Melbourne is full of good coffee spots. Still, there are a number of places that sit above the rest. Seven Seeds is undeniably among them.
After selling St ALi in 2008, Mark Dundon moved to Carlton where he and business partner Bridget Amor converted an old warehouse into a roaster and cafe. At a time when Melbourne was dominated by dark-roasted, untraceable, commodity-grade beans made solely for espresso, the duo began pushing quality, provenance and lighter roasts to suit filter, cold drip and other brewing styles.
The company’s roasting operation outgrew Carlton in 2017. Nowadays it imports green beans from the Americas, Africa and Asia and roasts them on a monstrous 60-kilogram Probat machine and two smaller models at its wholesale headquarters in Fairfield.
Stop in at Carlton for exactingly brewed cup of the Golden Gate espresso blend with notes of cocoa and toffee, or try a rotating single origin made with the method of your choice.
The place is regularly busy and always humming with energy. It’s not uncommon to have to wait for a table. Melbourne University is only a block away so students often drop by while they kill time between classes.
If you find yourself in the CBD looking for coffee, be sure to drop by Brother Baba Budan or Traveller Coffee, Seven Seeds’ smaller city operations.
A strong contender for Melbourne's best coffee (with a menu to match).
Seven Seeds Coffee Roasters
The new venture from the godfather of Melbourne’s coffee scene
Students and creative professionals
So, what’s the story with this place?
Mark Dundon, ST ALi’s original owner, sold his famous roastery in 2008 and started a new one, Seven Seeds, in a warehouse just north of downtown. Today, it’s just as well known as his previous venture.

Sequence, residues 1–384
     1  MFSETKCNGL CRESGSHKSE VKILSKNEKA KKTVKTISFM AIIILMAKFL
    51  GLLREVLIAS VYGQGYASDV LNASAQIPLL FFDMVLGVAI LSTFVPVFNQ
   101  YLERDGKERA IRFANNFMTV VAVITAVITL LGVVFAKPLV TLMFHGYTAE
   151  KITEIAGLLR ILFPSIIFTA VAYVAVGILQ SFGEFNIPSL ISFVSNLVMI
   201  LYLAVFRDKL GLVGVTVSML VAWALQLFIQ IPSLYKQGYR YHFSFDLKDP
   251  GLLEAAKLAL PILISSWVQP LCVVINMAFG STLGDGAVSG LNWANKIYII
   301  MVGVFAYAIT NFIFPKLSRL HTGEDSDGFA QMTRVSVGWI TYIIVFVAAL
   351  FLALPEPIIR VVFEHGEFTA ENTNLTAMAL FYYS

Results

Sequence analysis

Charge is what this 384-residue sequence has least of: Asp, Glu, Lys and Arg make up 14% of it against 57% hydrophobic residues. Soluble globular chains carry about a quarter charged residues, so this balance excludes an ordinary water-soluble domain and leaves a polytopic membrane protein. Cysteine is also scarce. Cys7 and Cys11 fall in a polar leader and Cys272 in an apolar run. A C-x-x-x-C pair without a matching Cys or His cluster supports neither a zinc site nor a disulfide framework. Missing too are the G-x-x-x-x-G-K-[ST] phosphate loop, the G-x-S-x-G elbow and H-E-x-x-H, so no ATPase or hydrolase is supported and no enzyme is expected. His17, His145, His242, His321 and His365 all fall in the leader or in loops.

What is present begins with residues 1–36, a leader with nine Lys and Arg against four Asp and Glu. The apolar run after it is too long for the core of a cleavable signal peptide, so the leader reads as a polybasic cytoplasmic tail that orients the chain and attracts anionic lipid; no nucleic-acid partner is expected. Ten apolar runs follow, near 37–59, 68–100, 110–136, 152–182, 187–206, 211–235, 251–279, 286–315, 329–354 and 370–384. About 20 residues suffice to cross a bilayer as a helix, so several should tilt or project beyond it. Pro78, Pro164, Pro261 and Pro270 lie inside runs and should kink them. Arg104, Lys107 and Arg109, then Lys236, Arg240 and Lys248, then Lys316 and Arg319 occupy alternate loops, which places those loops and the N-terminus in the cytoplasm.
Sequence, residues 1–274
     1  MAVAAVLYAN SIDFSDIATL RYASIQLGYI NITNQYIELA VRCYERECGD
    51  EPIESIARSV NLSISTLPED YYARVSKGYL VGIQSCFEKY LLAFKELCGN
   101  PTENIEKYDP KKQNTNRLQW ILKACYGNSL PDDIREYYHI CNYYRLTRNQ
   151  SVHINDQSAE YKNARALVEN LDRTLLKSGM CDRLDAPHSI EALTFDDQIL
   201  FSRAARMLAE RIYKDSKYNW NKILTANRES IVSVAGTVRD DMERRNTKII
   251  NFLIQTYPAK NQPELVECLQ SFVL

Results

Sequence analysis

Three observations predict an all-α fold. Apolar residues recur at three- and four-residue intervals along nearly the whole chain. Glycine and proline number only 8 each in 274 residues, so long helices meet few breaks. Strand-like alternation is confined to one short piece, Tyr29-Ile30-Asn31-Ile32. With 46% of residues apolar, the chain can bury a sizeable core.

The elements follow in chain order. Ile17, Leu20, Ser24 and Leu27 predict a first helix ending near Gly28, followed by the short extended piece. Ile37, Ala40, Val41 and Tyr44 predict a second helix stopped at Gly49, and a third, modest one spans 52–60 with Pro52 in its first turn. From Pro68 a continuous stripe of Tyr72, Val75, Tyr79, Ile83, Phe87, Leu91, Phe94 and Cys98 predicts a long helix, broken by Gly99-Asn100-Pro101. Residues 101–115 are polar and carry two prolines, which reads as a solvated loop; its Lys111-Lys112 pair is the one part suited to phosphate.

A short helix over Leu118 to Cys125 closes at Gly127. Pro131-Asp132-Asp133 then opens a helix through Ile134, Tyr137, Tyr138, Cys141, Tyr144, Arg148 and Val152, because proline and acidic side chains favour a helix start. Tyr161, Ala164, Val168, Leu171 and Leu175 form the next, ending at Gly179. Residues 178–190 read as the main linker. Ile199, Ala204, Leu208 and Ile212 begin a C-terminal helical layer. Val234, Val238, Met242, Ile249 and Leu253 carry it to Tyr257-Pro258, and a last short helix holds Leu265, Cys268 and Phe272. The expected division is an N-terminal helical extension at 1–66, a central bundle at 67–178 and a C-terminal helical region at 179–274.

Got it. Who else is there?
This place is always busy, partly because it’s located near Melbourne University. You’ll see students and professionals from the surrounding neighborhood of Carlton, which is home to small creative businesses.
The raison d’être : the coffee. How was it?
The Seven Seeds Espresso Blend has a touch of fruit, the Golden Gate Blend is caramel-y, and the single origins rotate regularly. There’s batch and single-serve filter options, too, plus home-brewed lemonade and iced tea.
Was there food, and if so, worth getting?
The all-day menu skews toward breakfast, and the unsurprising highlight is the decadent, espresso-infused French toast, which is served with espresso crumb, chocolate soil, and berry coulis. The coffee-braised brisket hash also is a winner.
Who should go here?
Dundon was a pioneer and remains the godfather of Melbourne’s coffee scene; his vast experience and knowledge is palpable at Seven Seeds.
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